But democracy comes at a price – with local election authorities such as Waverley and East Hampshire having to go to extraordinary lengths to keep voters and staff Covid safe.
Every polling station is to be fitted with screens and hand sanitiser, postal voting forms are being sent to all those eligible to vote, and a lengthy counting process spanning multiple days is planned after the polls close.
Voters will also have to wear masks and take their own pen. And those who have to isolate or shield can nominate a proxy as late as 5pm on polling day.
Candidates will also likely see their campaigns limited to canvassing online, by phone, or by mail – with concerns this could disadvantage poorer candidates.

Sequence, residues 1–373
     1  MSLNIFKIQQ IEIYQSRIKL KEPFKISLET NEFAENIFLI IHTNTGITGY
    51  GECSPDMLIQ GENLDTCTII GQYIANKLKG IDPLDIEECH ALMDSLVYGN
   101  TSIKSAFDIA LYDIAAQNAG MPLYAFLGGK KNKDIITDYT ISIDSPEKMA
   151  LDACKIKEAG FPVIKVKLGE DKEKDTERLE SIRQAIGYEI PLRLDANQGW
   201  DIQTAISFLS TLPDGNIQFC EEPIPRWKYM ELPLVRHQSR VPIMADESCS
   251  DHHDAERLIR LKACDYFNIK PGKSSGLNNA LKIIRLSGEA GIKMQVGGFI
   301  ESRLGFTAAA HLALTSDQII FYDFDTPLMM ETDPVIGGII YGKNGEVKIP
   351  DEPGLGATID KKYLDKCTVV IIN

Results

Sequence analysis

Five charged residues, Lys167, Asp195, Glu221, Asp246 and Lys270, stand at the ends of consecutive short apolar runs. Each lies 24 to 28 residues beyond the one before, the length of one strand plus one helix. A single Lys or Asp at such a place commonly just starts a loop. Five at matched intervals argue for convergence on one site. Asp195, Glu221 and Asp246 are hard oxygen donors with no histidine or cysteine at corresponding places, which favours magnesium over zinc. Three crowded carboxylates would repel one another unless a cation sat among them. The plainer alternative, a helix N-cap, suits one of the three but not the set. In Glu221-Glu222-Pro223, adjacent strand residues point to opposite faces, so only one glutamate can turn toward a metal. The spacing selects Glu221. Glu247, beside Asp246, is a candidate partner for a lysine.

Waverley Borough Council currently projects a cost of £228,000 to run this May’s elections, although East Hampshire District Council said its own costs are still being assessed.
The great majority of these costs will be reimbursed by the county councils and police commissioner’s office – albeit with more public money.
Covid infection rates are currently dropping. But should they rise again, the last date the polls could feasibly be called off is before the notice of election is published on March 22.
The amount of taxpayers’ cash “wasted” on a cancelled election would, according to a Waverley spokesman, depend on “how late such an announcement would come, when the new election date is and how much of the work down can be diverted to the new election date”.
But East Hampshire is hopeful that at least staffing costs will be lower than in previous years “as the counts will be held according to social-distancing guidelines.”